Wiser heads advised us that the secret of living aboard is to accomplish one thing before noon each day. A shower counts.
There's a lot of activity on a boat. But did we really accomplish anything?
The blurry picture above may be an accomplishment. It's a proper (working) engine block drain fitting. All the expensive (and poisonous) anti-freeze was carefully drained into buckets (and old jugs and anything handy). The cooling system disassembled so that the new alternator belts could be assembled, and the coolant carefully poured back into the engine.
Barely visible is the edge of the new Balmar 712-110 alternator that will replace the old Motorola 8MR2018K. We're talking about doubling the alternator output from 55A to 110A. By adding a smart regulator (the Balmar ARS-5) we hope to improve the time-to-charge even more by pushing the charge right to the battery's limit. A Balmar temperature sensor (MC-TS-B) is part of the plan for minimizing engine run time.
Since the alternator doesn't actually work—it isn't even connected—maybe this brass fitting doesn't count for much.
Under the galley floorboards, CA rebuilt parts of the fresh water system.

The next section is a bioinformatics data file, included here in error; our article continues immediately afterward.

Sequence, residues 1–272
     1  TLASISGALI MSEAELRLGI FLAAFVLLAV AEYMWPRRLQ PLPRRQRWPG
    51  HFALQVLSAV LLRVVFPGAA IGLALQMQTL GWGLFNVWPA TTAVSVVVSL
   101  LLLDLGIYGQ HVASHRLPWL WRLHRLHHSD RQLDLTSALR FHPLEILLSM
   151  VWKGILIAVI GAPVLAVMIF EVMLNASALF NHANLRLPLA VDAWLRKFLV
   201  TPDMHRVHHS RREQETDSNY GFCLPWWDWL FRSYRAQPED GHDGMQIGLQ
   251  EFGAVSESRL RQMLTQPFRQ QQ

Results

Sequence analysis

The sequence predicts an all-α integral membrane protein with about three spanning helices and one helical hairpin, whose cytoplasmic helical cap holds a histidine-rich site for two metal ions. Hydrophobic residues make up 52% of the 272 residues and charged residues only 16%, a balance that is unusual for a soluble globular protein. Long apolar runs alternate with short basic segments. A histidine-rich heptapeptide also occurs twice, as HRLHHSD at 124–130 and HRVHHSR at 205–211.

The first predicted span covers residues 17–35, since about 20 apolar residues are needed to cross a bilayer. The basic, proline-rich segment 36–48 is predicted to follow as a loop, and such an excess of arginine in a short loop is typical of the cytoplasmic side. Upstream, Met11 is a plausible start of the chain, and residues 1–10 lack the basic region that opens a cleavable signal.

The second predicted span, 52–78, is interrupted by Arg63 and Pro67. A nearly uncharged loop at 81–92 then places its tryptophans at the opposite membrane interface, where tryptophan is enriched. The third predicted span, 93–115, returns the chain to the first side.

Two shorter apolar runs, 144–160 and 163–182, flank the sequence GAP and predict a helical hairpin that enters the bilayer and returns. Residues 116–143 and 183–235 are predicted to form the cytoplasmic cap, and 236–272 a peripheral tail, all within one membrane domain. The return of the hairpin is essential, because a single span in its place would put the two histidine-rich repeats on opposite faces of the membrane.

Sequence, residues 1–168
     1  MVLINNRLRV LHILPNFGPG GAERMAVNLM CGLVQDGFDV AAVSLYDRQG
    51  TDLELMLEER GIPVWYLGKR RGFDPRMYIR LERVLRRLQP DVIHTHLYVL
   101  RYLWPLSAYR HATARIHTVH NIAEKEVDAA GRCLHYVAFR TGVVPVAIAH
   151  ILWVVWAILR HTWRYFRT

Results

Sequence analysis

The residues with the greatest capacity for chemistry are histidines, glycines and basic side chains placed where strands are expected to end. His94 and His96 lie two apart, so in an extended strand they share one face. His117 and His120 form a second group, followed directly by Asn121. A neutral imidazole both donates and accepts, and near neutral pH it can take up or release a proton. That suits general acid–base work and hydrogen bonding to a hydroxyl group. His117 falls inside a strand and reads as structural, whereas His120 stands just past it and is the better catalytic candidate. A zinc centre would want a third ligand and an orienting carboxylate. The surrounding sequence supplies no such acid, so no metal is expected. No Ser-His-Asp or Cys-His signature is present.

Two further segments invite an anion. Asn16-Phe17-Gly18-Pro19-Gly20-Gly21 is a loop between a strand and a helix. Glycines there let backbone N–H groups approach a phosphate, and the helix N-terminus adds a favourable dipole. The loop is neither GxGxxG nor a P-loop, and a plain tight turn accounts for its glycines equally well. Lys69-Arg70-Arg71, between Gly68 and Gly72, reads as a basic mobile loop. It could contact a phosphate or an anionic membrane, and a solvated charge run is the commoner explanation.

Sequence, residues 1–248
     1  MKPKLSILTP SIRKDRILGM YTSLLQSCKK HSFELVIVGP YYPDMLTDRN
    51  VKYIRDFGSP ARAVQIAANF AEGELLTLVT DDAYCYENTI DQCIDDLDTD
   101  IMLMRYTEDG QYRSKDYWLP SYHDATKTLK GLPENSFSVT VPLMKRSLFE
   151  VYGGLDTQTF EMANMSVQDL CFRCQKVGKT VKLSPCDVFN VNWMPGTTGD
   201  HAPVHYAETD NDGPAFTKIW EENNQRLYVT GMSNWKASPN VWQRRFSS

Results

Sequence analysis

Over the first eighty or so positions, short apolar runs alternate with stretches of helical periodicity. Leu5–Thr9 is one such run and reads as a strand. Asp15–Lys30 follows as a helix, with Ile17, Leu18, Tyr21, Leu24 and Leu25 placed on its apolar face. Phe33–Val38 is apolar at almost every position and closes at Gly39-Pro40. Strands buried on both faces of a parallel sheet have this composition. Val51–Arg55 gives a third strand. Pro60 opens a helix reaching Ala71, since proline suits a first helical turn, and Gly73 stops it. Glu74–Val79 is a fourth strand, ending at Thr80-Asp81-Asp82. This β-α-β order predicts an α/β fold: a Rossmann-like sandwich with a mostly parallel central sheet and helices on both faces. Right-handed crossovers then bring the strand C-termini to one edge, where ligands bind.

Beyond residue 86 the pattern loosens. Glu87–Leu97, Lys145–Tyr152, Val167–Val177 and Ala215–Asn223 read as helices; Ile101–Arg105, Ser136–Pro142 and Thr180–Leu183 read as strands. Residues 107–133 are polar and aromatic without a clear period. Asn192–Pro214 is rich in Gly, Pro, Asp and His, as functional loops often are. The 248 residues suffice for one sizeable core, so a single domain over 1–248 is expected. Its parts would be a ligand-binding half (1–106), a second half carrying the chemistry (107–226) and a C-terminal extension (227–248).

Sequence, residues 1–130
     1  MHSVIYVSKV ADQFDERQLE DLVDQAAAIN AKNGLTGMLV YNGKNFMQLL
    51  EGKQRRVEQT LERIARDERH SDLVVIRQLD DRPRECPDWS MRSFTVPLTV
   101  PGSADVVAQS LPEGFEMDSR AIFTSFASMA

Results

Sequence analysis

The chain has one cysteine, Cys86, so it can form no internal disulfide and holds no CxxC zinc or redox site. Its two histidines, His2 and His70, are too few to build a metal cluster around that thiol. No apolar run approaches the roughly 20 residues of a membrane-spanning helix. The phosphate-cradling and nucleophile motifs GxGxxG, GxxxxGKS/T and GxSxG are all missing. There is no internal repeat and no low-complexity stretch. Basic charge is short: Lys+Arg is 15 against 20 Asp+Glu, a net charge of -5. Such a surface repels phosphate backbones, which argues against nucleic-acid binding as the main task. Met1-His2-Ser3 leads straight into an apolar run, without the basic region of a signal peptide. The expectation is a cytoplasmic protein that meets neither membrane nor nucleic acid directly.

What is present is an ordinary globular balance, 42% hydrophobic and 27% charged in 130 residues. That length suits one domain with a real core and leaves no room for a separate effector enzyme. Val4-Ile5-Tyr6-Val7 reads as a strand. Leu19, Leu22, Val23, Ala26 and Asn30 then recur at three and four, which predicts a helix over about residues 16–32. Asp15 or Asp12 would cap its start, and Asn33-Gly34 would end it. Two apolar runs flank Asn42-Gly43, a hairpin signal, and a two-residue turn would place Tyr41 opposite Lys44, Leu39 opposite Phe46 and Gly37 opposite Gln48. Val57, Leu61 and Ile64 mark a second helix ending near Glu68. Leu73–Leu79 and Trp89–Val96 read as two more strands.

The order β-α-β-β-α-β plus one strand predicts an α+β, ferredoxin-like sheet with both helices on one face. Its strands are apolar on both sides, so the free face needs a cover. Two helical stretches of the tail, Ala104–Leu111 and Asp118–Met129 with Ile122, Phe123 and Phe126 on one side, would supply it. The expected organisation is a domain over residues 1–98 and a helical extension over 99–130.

She took out a complicated bit of plumbing that involved a lot of hose clamps and oversized hose band-aids.
She replaced it with a SHURFlo RV 210BRB in-line water filter and two simple stretches of ½" hose.
While our tanks are pretty clean (the Port Water Tank is sparkling clean), it's a real comfort to have a proper filter to eliminate the those bits of grit that are part of a large aluminum tank filled with chlorinated dock water.
Those seem to be real accomplishments.
Since this is a vacation week, we'll open a bottle of red, sit in the cockpit and watch the sun set.
Tomorrow we'll look into finishing the alternator installation. Maybe we'll get to the point where we can start the engine to be sure it all works.